Recently, however, a flip side of the wonderful nostalgia I have for these sunny winter trips is the realization that I experienced repeated extreme exposure to the sun throughout my childhood and adolescence. Yearning to warm up, eager to enjoy all aspects of the outdoors, I spent all day outside in the very hot and intense Florida or Caribbean sun.
Those were the 1970’s and 1980’s when applying ‘sun tan oil’ (I can still vividly remember that strong coconut smell) and ‘working on your tan’ were normal and expected behaviors. Although I tanned once in awhile, I was never one to ‘work on my tan’, choosing instead to enjoy a swim, run or snorkel. But the truth of the matter is that even though I wasn’t ‘tanning’, I probably spent the same amount of time in the sun as the die-hard tanners, receiving equal exposure and therefore equal skin damage.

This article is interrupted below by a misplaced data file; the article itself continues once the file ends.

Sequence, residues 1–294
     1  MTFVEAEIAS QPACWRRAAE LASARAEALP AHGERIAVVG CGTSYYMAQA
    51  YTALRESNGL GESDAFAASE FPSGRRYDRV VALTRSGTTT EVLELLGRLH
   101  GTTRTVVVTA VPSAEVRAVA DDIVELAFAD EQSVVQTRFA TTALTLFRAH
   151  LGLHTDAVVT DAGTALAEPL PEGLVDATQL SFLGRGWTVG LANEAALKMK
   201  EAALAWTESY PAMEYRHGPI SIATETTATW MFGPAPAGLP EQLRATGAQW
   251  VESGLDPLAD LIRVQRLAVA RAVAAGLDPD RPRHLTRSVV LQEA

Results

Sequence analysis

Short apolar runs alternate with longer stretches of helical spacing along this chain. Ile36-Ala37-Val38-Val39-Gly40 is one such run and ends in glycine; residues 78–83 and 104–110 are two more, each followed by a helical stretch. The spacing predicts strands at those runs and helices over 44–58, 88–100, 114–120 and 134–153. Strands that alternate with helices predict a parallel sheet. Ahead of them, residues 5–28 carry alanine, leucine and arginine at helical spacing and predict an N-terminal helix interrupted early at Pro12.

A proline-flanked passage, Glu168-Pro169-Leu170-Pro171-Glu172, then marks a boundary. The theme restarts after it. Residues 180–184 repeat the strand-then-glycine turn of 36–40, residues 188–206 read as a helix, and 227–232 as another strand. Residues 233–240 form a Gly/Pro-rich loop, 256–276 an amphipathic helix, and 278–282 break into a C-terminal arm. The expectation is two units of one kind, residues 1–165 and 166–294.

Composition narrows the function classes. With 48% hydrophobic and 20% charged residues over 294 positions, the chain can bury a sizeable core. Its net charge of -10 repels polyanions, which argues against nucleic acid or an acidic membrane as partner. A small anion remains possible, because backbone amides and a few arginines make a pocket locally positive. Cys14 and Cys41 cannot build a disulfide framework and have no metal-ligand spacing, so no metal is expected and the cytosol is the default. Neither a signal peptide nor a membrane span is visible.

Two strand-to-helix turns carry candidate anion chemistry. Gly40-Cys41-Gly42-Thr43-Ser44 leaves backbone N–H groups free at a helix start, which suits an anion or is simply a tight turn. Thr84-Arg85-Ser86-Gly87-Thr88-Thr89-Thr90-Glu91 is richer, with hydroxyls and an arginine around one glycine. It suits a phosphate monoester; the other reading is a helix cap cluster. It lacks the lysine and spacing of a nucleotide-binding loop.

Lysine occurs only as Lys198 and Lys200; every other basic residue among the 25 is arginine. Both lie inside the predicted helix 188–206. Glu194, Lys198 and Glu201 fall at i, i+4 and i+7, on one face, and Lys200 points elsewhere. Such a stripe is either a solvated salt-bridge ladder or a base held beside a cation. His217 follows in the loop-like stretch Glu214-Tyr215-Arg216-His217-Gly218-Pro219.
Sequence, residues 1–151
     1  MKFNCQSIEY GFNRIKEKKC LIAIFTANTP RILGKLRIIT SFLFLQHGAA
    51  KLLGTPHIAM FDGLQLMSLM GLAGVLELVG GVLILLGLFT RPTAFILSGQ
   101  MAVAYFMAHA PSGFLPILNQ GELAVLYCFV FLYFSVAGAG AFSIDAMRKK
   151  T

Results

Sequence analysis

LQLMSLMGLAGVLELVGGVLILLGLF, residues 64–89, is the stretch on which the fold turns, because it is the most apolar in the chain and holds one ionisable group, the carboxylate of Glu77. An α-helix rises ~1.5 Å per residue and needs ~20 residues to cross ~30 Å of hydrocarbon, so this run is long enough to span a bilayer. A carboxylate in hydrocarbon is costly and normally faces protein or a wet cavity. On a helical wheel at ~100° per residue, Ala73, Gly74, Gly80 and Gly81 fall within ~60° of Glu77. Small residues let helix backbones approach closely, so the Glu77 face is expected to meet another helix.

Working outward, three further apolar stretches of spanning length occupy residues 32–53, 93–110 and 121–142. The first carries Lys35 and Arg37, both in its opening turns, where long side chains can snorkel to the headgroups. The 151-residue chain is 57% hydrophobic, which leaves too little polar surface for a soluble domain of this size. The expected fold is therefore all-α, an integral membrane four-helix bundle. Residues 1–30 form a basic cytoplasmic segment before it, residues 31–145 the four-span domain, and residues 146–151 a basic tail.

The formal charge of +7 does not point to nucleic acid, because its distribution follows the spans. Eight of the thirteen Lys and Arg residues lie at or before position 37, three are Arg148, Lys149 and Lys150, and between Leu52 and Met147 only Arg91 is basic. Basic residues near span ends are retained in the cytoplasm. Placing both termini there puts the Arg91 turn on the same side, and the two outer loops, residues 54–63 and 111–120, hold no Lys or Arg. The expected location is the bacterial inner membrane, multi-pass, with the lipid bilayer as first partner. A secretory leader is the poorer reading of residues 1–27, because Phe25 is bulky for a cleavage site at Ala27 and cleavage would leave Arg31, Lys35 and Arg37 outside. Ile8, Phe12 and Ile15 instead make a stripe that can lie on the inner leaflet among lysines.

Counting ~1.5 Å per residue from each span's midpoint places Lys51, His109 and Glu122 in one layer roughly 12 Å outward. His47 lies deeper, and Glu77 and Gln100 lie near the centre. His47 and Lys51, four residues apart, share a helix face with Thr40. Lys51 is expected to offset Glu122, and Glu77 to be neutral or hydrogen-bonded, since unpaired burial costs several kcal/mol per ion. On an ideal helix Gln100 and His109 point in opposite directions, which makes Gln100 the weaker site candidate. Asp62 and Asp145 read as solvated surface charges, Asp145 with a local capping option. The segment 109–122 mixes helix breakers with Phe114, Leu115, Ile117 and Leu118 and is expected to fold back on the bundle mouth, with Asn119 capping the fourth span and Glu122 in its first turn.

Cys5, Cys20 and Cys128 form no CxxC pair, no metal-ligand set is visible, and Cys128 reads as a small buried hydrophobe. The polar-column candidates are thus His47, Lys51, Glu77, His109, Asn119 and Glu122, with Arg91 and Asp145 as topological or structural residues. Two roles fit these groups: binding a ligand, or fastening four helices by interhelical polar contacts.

I used sunscreen occasionally but it was usually only SPF 4 or 7, and wearing a great bathing suit was much more important than covering up with hats and clothing. As a result, over the years, I had several severe blistering sunburns, including painful burned feet and even a burned scalp after an unwise decision to get my hair braided.
I cringe when I think about the amount of repeated extreme exposure I received from the sun on these beloved winter getaways. I cringe because I know the following sobering facts about sun exposure and melanoma:
- Melanoma is a common and serious form of skin cancer that can be fatal.
- The primary cause of melanoma is exposure to ultraviolet (UV) rays from the sun or indoor tanning equipment